The comments came as the chocolate giant announced its 2008 results which showed that worldwide global chocolate sales were up six per cent.
Cadbury CFO, Ken Hanna, said at a presentation of its full year results that the company had already implemented price increases to cover anticipated input cost pressures which would be felt in 2009.
He added: “It is commercially sensitive and we don’t discuss all of our hedging policies, but if cocoa stays high and it is not as high as it was two weeks ago, the industry will have to look a pricing – I would say modest pricing for 2010.”
However, Hanna indicated that a similar move was unlikely in 2009.
He said: “Whilst we have seen a softening in the general basket of non-coca commodities, this has been offset by the weakness of sterling and some South American currencies against the dollar.
“A few weeks ago cocoa was over £2,000 a tonne – that was a 23-year high.
“However prices have recently dropped by around 15 per cent.
“In summary, we believe that through a combination of hedging and price increases already implemented, we will offset 2009 input cost inflation.”
Cadbury said there are eight commonwealth chocolate markets that represent 90 per cent of the company’s chocolate. Most of them use Ghanaian cocoa and the UK is the biggest one.
CEO Todd Stitzer highlighted the community investment projects funded by the Cocoa Partnership and said: “Our continued support of farmers and cocoa growing communities in Ghana will remain a top priority – it is crucial to the quality of our product and the sustainability of our supply chain.”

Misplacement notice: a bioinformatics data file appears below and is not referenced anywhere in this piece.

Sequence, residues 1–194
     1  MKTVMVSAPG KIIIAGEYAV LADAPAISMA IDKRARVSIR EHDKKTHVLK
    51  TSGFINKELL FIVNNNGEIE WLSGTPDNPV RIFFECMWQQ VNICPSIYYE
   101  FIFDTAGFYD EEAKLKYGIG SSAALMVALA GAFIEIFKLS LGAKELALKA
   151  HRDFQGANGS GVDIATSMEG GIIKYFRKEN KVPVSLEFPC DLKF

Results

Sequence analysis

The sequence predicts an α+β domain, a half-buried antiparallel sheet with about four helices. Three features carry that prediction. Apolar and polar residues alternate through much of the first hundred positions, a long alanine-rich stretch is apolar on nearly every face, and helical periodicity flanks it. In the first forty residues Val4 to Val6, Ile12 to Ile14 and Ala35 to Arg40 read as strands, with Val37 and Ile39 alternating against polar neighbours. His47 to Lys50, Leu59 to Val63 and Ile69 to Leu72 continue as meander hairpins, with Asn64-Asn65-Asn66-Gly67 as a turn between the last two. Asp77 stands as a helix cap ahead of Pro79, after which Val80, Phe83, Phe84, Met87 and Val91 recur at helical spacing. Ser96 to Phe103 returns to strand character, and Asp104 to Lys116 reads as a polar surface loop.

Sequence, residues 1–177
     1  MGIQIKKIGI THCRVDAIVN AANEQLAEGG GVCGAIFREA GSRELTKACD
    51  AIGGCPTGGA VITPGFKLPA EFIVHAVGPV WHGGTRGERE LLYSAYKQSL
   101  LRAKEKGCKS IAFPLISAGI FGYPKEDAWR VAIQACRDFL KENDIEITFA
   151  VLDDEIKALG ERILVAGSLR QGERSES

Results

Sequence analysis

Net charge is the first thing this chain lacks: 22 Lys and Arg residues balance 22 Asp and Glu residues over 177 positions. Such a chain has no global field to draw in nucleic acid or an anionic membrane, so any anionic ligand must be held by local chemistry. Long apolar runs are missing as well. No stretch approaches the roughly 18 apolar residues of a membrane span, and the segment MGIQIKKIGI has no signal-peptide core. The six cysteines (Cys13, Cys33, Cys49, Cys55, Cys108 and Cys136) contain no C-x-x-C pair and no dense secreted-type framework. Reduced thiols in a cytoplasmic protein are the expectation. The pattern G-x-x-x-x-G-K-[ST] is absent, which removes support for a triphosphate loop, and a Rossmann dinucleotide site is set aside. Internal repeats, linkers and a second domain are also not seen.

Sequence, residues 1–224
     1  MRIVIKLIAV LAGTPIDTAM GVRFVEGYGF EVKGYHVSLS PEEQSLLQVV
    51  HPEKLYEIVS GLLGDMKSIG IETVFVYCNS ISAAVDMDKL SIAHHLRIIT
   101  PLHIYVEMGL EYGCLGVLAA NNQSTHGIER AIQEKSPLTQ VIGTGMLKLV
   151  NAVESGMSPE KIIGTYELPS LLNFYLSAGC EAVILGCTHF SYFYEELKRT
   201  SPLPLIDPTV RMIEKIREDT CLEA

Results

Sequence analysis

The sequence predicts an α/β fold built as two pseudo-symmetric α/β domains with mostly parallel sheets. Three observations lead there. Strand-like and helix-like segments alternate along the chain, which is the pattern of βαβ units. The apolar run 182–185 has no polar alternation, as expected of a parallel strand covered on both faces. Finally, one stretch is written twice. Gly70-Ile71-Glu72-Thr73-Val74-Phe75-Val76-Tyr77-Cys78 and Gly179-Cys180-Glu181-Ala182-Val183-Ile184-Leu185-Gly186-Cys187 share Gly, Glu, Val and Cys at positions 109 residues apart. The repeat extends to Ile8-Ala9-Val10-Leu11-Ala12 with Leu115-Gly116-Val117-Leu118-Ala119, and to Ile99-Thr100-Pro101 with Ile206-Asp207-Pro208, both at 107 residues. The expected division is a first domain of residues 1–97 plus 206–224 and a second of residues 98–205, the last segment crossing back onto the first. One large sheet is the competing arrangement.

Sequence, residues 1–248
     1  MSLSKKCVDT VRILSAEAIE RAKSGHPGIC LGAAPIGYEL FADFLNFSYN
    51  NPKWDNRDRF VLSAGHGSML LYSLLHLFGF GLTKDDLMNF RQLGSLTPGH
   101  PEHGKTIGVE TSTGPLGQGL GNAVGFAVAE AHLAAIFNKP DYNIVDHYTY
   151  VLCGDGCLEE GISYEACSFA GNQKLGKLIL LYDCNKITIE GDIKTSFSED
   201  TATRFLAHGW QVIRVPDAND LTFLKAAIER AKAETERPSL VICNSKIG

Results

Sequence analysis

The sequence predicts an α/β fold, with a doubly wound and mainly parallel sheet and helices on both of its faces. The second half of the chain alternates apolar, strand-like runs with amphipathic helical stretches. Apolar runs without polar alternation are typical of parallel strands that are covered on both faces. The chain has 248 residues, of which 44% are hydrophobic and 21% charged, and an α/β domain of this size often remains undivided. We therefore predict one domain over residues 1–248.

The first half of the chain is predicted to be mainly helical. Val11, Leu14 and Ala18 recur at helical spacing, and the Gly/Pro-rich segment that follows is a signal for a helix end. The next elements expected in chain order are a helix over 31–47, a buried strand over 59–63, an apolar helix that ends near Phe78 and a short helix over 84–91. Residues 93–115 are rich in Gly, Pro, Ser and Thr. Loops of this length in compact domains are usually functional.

The Ivory Coast is the world’s number one supplier of cocoa beans, producing 1.3 million tonnes last year, followed by its neighbour Ghana – at 690,000 tonnes.
In September Confectionerynews.com reported that Cocobod, the cocoa regulator for Ghana, had raised the fixed price it pays to producers by more than a third for the 2008/09 season to GHC1,632 (€990) per tonne of cocoa beans, up from GHC1,200 per tonne (€728).
About 30/40 per cent of the cocoa Cadbury buys is sold in the UK and in 2008 the group's British chocolate market share rose by 0.5 percentage points to nearly 30 per cent.
Profits in 2008 for the group fell to £366m (€408m), from £407m (€454m) in 2007, largely due to the loss of the company's beverage brands following the spin-off of the Dr Pepper Snapple Group.
For the 12 months to 31 December, Cadbury's registered total sales up by 15 per cent to £5.38bn (€6bn).
Cadbury chairman, Roger Carr, said: “Whilst some commodities have softened, the price of cocoas has remained stubbornly high.
“Like all businesses, however, we benefit from a traditionally resilient product range, an enviable global footprint and strong growth market presence, sound cast flow and a healthy balance sheet.”